Purpose: To encourage family members to develop personal interests and talents
Gospel Principles: Talents, self-improvement, work
Scripture: D&C 82:18
Music: “Improve the Shining Moments” (Hymns, no. 226), “Every Star Is Different” (CS, 142)
President Monson has worked diligently to develop many different talents. One of his talents is being a pigeon keeper. At about age eleven, young Tommy Monson began what would become a lifelong fascination with pigeons. Using a simple box trap, he and his friends caught some common pigeons (called “commies”) in the backyard. Later, neighbor John Fife gave Tommy his first pair of Birmingham rollers, a popular breed of domesticated pigeons that can do rapid backward somersaults while in flight. Tommy worked hard to build a coop for his pigeons from scrap wood. And he bought more pigeons by earning money from sweeping up leftover kernels of wheat lodged in the nooks and crannies of boxcars. Tommy did all this despite the fact his father considered the hobby to be too expensive and a waste of time.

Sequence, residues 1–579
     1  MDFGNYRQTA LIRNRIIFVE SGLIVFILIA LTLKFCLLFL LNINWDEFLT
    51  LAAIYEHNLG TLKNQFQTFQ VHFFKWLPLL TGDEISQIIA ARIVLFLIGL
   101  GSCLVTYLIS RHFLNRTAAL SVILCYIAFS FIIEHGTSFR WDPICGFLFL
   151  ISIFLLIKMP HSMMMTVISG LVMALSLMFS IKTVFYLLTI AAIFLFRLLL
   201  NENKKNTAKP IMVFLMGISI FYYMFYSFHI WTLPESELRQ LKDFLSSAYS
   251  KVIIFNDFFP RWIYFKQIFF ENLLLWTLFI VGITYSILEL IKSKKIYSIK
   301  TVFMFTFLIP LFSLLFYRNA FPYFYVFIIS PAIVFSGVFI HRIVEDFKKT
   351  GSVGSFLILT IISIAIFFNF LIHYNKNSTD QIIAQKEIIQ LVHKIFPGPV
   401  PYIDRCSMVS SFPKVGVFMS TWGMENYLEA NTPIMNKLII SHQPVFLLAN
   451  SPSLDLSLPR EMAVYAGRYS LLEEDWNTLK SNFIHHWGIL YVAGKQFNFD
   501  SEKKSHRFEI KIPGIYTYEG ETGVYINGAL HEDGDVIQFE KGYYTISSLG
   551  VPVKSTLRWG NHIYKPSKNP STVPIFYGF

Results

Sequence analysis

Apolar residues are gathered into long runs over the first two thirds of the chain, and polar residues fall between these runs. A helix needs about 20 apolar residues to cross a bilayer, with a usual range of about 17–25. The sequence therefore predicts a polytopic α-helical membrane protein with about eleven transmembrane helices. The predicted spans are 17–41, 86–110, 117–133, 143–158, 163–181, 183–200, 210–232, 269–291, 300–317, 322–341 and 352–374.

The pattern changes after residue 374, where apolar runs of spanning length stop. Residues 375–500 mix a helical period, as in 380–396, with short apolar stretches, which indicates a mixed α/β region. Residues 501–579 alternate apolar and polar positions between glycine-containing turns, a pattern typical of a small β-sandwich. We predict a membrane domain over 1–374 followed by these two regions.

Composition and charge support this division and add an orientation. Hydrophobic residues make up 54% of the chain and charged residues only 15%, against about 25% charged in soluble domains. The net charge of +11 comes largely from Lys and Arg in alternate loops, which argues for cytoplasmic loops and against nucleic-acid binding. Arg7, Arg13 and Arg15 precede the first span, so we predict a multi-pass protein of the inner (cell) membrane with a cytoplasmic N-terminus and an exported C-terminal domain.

Eventually Tom began showing his pigeons at county and state fairs, winning ribbons as he became more proficient at breeding and raising Birmingham rollers. In 1964, in his late thirties, his rollers swept the county fair, winning the trophy for the most superior young pigeon and a rosette for the most outstanding old bird.127 Throughout his life President Monson has continued his hobby of pigeon keeping and still enjoys visiting the county and state fairs to meet with other pigeon fanciers. No matter what the talent, President Monson has taught, “Don’t forget: one of the saddest things in life is wasted talent.”
1. Print a copy of “Homing Pigeon Maze.”
2. Have each family member prepare a talent he or she can share with the rest of the family during family home evening. Take the opportunity to praise and encourage each other for efforts made to develop these talents.
1. Chapter 34 of the Gospel Principles manual is all about developing talents; similar lessons are found in the Young Women and priesthood manuals.
2. The Faith in God program for Primary children gives a number of suggested activities for children to help develop their talents. To earn the Faith in God award, children must accomplish two of these during the course of each year between ages eight and twelve.
3. The parable of the talents (see Matt. 25:14–30) is a great scripture story illustrating the importance of developing talents. A coloring page of this parable can be found on the website www.sermons4kids.com.
All lessons are excerpted fromthe new book Follow the Prophets: 52 FHE Lessons from Latter-day Prophets.